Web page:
In Section 4, the case of dual reflector geometries is addressed. Computing the PO currents induced by the feed on the subreflector and those induced by the subreflector on the main reflector surface, in addition to the feed fields, provides an estimation of the radiated fields including the spillover effect. The blockage introduced by the subreflector can be simulated by a second iteration consisting of including the radiation of a new set of blocking currents across the subreflector. The PO blocking currents are derived from the fields produced by the main reflector into the subreflector. Using the same approximation of the MFIE as with single reflector antennas and assuming that the incident field only exists on the subreflector, the process can be reduced to invert a small matrix, which is possible to perform in modern computers. This method was introduced in [10] and improved in [1113].

In Section 5 some techniques to improve the speed of the computation are presented. The first [14] is based on precomputing the complex exponentials and on using OpenMP [15]. And the second [16] is based on using memory hierarchy techniques.

Finally, in Section 6 some comparative results are shown.

Two computer programs were developed for educational purposes as described in [17, 18]. The final version is downloadable from the web for free since 2006 (http://www.com.uvigo.es).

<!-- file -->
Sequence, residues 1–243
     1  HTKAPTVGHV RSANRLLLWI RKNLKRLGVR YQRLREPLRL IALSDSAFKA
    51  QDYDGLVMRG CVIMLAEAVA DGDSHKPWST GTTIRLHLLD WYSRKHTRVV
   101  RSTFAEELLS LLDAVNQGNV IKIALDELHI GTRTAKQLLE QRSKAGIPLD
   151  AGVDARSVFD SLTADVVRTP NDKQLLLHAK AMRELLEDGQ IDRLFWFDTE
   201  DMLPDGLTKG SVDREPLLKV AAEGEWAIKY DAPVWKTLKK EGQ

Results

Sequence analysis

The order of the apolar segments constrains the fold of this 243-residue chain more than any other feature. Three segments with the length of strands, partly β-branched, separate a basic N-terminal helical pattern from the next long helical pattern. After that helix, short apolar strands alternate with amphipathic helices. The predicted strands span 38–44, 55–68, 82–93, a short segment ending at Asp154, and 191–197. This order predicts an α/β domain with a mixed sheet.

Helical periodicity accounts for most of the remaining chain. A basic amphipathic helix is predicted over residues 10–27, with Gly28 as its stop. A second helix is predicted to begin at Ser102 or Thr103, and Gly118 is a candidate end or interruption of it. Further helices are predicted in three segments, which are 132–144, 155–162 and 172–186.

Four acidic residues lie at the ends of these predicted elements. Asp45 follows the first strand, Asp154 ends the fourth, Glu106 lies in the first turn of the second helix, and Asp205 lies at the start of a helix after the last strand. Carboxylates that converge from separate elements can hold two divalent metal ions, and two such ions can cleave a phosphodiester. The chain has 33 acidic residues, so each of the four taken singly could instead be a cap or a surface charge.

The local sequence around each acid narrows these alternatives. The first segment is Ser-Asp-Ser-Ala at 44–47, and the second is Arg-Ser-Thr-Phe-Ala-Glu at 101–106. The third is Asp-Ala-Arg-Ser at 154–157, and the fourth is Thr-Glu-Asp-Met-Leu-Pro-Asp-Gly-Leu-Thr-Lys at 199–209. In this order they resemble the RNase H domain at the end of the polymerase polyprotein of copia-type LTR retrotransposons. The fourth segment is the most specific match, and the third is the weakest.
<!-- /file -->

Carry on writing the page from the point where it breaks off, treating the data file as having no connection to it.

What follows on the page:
2. Physical Optics for Reflector Antennas

In this section a method based on magnetic field integral equation (MFIE) [19, 20] will be used to estimate the fields radiated by a reflector antenna.

MFIE model is obtained from equivalent currents on the surface [21], by a similar way as classical high frequency methods such as physical optics (PO) but is more accurate than PO because it calculates the coupling among surfaces. In this paper, MFIE model is modified in order to adapt it to the particular problem with smooth (almost flat) and electrically big surfaces [12].

2.1. MFIE Field Formulation

The current on a PEC with smooth and closed surface can be obtained using where is the observation point, is the source point, is the incident magnetic field at point , symbol means the principal value of the integral, and is free space Green function, defined as

Taking into account (2), (1) can be rewritten as where and .

After obtaining equivalent currents, the radiated magnetic field at points not belonging to the surface can be obtained by where , and .

2.2. PO Field Formulation

Physical optics (PO) is a simplification of (3) when the surface is flat enough to consider that the currents are on the same plane as the vector position pointing to another point on the surface. In this case, their cross-product is colinear with the normal vector and their cross-product tends to zero. With this approximation, (3) is simplified as and the radiated magnetic field at points not belonging to the surface can be obtained with physical optics by considering

When the observation point is at a distance for every source point, then the distance can be simplified as follows: where the term is important only for the phase calculation but it can be neglected in the amplitude terms. With this approximation, (6) for points far from the surface can be obtained as

If the distance , then (8) can be simplified by

In the next subsections, (8) is used to obtain the radiated fields from a small patch at any point on other surfaces.

2.3. Patch Discretization